This current issue of HCAVS presents four valuable scientific studies that will assist veterinarians to enrich or refresh their knowledge on subjects that are seldom given proper attention, especially in everyday practice.
The first study deals with a clinical diet in combination with a probiotic supplement in an effort to address gastrointestinal cases of dogs that would have responded to antibiotics. The study highlights the great importance of selecting a proper clinical diet for the management of various cases, a fact that science had foreseen early on and hence proceeded with the scientific planning and merchandising of diets. At the same time, supplementation of probiotics opened up a new chapter in the holistic clinical approach of various pathologies, steering away from the use or rather misuse of antibiotics.
The second study refers to the disorders of acid-base balance. This is a serious matter as regards achieving favourable results in cases of various disorders (especially in chronic, hospitalized patients), as well as attaining a successful outcome in a multitude of surgical procedures. However, one must take into account the specialized equipment needed to implement these measures, which it is not available in the majority of private practices/clinics. In such cases, the clinician must be well-equipped with a sound and detailed knowledge of pathological mechanisms and the necessary competence to interpret the variable clinical picture, and fully capitalise on personal experience and the electronic equipment available (!!).
The third and fourth studies concern the circumstantial analysis and interpretation of the erythrogram and leukogram. These studies uncover a new sphere of information for a number of pathological conditions that are overlooked or underestimated in everyday practice. Proper collection and handling of blood samples is essential. I would also add the importance of appropriate shipment packaging and sample analysis laboratory as not many private practices/clinics have the technical skills and equipment to accomplish such examinations.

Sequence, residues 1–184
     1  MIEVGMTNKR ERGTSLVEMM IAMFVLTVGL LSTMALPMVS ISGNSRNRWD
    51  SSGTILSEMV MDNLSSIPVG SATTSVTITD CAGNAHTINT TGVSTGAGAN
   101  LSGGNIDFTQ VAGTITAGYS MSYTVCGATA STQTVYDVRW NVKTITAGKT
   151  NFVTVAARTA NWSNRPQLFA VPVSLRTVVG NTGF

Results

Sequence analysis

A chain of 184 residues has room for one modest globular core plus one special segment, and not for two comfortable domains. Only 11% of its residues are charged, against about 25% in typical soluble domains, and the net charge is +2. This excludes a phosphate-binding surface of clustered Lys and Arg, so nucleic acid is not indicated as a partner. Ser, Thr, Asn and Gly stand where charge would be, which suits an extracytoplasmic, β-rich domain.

These four valuable studies will undeniably satisfy the reader but at the same time they will not discourage the concerned professional from further retrospective reflection.
During the past 20 years (1990 – 2010), Companion Animal Medicine has followed an impressive upward trend bringing the Small Animal Veterinary Business model into our country. In this setting, a huge number of private clinics were planned and considerable amounts of money invested in facilities with specialized equipment seldom found in private clinics abroad, and inconsistent with the workload generated by the Greek market. At the same time, companies offered a variety of codes in drugs, supplements, equipment and animal foods, according to the demand of veterinarians and animal owners. The financial crisis in recent years has modified this environment. Companies reduced the number of codes and the “prescription drugs” of the past era were reinstituted forcing the veterinarian to recourse to the “human arsenal”. The owners do not appear to diminish the demand, but they seek quality facilities with the best possible price regardless of the fact that these two factors are incompatible. Internet and market research have evolved into cornerstones of consumption. Finally, the veterinarian, on the one hand, increases the quality and quantity of his investments, but on the other hand, he is entrapped by the financial climate that demands increasingly lower fees. These two opposing trends will inevitably lead to the collapse of the successful “Business” model. If we combine this with the illusion that the only way out for Greece is the development of an even more equipped though “weak” private practice, we will soon experience the return to the earlier reality of borderline survival rather than the hitherto extravagant reality.
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